1966 – "The Man Trap" airs on NBC.  This is the first episode to be broadcast of a new science fiction series.  It probably won't last long or amount to much.

1974 – Watergate scandal: US President Gerald Ford signs the pardon of Richard Nixon for any crimes Nixon may have committed while in office.  Strangely, this was an attempt to save money.  If the incoming President has already decided that he intends to pardon the outgoing President, then the legal process becomes an expensive side show distracting the government from the work it needs to do.  Having the prosecutors investigate and file charges.  Depositions.  Court appearances.  Hearings.  Procedures.  Appeals.  Why bother when the Commander in Chief has already decided what he will do when the dust settles?  Pardon everything in advance, and there isn't even a need for an investigation in the first place.  Yes, the Pardon was purely for economic reasons and not political payback.

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On 9/5/2018 at 11:11 AM, Illjwamh said:

1977 - NASA Launches Voyager 1. Had they known it would eventually result in Star Trek: The Motion Picture, they may have thought twice, scientific discovery be damned.

Technically, V'GER was Voyager 6, NASA stopped after 2 so really you can say that NASA took The Motion Picture as a warning.

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12 hours ago, Scotty said:

Technically, V'GER was Voyager 6, NASA stopped after 2 so really you can say that NASA took The Motion Picture as a warning.

I hope they didn't put any warnings in Star Trek V.  Nobody will admit to having watched that.

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09 September

9 AD – Arminius' alliance of six Germanic tribes ambushes and annihilates three Roman legions of Publius Quinctilius Varus in the Battle of the Teutoburg Forest.  The Roman Legions were not invincible.  Rome was, however, able to hire mercenary legions to retaliate against you faster than you could appeal to your fellow barbarian tribes to  unite with you  in opposition to Rome.

337 – Constantine II, Constantius II, and Constans succeed their father Constantine I as co-emperors. The Roman Empire is divided between the three Augusti.  A typical political family made up of Con-men.

999 or 1000 – Battle of Svolder or Øresund.  On or about this date a naval battle between Nordic nobles determined many of the details that would eventually mark the end of the Viking era and the transition of Northern European culture into the High Middle Ages.  The earliest existing Icelandic record of the event was written two centuries after the fact and is regarded by almost everyone as unreliable.    Please, for the sake of all future historians, before you kill or are killed, document everything.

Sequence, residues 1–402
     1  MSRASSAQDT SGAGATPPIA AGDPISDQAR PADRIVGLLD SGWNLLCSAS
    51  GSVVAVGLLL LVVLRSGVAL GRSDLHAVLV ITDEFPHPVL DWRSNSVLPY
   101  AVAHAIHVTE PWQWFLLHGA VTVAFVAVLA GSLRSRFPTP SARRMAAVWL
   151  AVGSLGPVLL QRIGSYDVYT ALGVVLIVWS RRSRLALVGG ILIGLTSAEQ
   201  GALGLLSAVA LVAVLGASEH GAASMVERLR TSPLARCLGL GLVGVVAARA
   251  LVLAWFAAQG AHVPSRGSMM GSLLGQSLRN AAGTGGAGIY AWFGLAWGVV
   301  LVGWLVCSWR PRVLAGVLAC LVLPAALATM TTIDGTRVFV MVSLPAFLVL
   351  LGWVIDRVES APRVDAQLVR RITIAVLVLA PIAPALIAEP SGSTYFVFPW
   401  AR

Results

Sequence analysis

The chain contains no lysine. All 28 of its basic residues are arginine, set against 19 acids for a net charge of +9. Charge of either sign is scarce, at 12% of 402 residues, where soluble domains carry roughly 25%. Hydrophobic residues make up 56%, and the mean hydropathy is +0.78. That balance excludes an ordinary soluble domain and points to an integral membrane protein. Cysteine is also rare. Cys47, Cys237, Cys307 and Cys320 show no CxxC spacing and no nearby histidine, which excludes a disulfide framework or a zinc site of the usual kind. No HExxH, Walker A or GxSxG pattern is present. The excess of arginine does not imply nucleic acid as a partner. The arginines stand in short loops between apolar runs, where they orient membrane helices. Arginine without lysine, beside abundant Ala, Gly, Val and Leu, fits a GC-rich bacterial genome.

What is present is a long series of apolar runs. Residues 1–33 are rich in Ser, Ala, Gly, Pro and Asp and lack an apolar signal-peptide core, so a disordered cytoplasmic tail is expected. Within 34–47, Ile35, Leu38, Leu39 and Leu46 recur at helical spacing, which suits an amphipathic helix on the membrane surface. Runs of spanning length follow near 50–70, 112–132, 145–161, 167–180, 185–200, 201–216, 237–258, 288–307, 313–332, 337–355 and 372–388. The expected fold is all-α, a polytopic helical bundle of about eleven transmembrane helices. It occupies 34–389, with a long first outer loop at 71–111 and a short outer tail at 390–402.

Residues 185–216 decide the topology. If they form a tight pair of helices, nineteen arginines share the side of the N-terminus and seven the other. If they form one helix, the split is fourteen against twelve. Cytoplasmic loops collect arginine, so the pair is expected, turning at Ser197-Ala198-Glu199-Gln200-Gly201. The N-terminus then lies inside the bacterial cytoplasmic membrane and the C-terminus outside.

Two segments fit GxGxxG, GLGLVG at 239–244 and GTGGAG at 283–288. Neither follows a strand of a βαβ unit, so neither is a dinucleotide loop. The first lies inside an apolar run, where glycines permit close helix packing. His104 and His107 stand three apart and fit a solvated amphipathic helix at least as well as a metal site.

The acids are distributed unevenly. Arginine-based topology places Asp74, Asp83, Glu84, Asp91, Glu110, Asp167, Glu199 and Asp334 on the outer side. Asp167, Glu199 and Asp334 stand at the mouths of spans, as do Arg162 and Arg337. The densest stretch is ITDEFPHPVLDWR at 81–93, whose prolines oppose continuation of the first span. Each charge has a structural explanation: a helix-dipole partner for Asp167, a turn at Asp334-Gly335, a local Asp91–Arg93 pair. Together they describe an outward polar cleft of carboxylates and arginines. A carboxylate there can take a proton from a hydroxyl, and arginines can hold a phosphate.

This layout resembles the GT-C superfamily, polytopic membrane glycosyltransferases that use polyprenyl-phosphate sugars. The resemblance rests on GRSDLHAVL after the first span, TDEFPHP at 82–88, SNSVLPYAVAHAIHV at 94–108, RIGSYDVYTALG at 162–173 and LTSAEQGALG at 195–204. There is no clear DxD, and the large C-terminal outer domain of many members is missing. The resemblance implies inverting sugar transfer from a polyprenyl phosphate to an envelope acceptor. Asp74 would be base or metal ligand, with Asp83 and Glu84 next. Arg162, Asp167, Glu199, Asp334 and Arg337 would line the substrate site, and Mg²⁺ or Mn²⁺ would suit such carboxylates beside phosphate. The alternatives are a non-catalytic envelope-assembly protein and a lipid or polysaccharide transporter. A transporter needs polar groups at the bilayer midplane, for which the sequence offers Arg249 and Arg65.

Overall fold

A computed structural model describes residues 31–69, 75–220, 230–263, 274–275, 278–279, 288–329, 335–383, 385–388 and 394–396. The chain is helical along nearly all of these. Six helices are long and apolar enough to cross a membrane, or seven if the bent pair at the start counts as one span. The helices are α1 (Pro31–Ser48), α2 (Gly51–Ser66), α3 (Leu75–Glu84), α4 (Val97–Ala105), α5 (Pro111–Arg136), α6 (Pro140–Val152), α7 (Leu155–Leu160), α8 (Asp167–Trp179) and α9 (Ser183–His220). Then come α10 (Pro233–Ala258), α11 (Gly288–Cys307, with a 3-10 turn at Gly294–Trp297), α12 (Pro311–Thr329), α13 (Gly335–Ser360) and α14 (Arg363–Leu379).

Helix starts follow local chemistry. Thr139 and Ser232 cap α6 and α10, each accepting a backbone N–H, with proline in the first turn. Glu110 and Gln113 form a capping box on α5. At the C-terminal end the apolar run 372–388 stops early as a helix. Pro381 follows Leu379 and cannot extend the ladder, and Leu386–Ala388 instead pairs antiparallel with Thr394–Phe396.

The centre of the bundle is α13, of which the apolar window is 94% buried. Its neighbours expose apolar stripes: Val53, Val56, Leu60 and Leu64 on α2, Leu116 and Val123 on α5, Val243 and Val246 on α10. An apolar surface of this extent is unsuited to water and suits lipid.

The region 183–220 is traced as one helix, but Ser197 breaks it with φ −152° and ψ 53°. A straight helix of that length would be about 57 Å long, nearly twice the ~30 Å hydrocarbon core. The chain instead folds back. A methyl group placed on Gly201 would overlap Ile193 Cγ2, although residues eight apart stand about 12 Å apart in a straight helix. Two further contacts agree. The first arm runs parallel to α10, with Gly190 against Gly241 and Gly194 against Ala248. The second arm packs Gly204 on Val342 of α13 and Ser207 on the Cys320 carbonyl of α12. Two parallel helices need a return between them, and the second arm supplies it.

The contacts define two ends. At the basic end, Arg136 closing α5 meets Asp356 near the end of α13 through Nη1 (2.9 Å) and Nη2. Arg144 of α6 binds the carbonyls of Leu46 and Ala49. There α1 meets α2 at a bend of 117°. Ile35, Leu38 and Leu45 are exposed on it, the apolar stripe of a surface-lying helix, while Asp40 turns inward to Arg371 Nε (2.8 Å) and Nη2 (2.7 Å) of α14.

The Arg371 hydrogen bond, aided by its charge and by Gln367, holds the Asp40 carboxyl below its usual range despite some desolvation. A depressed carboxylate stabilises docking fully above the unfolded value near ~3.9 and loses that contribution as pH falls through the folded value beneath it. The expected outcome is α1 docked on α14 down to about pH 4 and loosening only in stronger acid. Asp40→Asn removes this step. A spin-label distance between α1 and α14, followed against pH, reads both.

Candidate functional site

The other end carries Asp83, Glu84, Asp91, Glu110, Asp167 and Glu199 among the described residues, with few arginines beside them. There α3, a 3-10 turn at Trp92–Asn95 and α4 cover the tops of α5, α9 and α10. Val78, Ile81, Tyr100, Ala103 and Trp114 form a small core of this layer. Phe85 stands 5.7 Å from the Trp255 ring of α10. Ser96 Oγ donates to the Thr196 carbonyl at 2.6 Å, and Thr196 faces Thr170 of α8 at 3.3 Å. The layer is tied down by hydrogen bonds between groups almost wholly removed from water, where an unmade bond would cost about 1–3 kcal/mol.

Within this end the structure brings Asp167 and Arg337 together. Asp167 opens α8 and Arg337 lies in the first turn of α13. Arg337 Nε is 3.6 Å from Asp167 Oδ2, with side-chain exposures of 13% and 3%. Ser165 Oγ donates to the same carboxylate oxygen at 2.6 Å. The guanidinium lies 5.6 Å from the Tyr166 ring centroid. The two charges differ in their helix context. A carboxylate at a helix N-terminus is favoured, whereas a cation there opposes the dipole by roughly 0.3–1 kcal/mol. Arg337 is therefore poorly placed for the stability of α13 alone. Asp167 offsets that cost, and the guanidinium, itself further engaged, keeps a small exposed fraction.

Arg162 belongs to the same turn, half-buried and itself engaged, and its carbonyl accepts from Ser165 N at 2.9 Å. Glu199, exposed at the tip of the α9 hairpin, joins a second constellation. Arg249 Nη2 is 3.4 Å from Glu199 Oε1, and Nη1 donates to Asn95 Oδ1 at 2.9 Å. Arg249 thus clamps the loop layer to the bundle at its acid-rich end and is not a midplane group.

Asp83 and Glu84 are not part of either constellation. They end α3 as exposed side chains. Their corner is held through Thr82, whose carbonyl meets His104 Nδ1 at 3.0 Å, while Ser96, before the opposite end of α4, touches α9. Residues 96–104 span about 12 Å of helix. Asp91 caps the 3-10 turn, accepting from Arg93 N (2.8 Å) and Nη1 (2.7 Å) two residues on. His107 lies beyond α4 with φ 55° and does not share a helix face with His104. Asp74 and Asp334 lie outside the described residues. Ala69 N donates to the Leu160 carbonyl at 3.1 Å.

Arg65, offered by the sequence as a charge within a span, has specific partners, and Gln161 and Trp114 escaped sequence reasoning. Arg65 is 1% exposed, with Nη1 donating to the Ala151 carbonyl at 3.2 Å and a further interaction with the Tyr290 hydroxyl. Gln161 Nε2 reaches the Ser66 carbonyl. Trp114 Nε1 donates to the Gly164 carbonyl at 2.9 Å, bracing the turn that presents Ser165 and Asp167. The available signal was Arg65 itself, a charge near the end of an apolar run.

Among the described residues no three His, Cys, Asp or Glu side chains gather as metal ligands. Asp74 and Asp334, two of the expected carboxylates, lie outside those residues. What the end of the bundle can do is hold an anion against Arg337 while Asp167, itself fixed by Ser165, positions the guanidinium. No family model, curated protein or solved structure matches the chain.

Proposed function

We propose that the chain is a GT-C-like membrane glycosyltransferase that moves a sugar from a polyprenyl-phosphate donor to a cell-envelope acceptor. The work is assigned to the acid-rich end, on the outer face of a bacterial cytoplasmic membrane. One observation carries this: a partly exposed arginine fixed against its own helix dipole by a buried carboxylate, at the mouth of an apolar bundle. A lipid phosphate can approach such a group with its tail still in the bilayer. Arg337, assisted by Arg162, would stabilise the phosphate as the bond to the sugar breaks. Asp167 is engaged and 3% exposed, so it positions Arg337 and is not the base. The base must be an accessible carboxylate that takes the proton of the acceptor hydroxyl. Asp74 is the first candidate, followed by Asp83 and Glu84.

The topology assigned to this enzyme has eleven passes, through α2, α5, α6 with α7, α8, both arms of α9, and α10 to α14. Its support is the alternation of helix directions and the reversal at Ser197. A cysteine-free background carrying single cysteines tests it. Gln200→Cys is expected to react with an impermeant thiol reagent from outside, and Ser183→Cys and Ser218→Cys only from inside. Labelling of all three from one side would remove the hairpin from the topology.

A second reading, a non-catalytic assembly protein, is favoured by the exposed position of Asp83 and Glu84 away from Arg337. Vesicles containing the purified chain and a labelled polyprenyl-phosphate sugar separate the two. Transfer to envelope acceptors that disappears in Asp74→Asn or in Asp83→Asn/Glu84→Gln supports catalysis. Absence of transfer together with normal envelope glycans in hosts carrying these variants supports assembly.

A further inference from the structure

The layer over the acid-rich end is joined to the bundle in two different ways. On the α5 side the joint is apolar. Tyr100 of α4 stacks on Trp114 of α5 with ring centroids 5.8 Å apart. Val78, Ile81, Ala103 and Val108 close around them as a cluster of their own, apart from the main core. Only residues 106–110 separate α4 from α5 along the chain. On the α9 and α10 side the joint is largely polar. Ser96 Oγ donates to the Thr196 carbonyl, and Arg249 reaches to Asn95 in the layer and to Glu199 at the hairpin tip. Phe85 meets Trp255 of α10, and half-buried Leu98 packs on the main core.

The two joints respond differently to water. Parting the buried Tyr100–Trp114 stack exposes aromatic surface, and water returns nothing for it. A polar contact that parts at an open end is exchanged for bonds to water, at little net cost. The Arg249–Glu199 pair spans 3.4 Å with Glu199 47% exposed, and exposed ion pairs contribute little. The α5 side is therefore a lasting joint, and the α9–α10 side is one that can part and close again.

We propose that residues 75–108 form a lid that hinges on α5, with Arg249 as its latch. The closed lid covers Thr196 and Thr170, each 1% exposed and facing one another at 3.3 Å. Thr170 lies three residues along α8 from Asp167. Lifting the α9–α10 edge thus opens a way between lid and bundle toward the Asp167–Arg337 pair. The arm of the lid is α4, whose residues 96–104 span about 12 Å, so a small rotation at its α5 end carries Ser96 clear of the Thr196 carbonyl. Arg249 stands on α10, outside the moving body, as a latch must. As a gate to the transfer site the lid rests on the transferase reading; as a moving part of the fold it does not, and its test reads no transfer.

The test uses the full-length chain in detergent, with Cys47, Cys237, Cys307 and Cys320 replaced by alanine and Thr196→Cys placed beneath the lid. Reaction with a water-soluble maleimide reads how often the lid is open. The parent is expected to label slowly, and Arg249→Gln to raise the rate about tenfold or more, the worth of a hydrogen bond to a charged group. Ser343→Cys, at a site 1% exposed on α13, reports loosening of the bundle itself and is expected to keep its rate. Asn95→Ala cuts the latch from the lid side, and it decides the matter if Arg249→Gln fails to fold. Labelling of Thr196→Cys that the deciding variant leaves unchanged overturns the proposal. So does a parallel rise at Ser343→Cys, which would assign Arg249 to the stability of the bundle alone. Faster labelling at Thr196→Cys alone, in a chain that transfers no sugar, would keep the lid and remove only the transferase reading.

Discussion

1087 – William Rufus becomes King of England, taking the title William II.  The title of King Rufus will remain unclaimed among English speaking monarchs until the Naked Mole Rat Uprising.

1776 – The Continental Congress officially names its union of states the United States.  They never gave serious consideration to naming the country "Fred".

1791 – Washington, D.C., the capital of the United States, is named after President George Washington.  Legend claims that George Washington chose the point where the city should start by throwing a silver dollar across the Potomac River.  This could not happen today because everyone knows that a dollar doesn't go as far anymore.  Thank you.  I'll be here all week.  Be sure to tip your waitress.

1801 – Alexander I of Russia confirms the privileges of Baltic provinces.  Would any of these include the "Privilege" of not being a vassal state to Russia?

1839 – John Herschel takes the first glass plate photograph.  Eventually he would discover things outside his kitchen to observe and study.

1863 – American Civil War: The Union Army enters Chattanooga, Tennessee.  This trip did not involve a Choo-Choo at Track 29

1939 – World War II: The Battle of Hel begins, the longest-defended pocket of Polish Army resistance during the German invasion of Poland.  As has been observed by so many others, War is Hel.

1956 – Elvis Presley appears on the Ed Sullivan Show for the first time, from the waist up.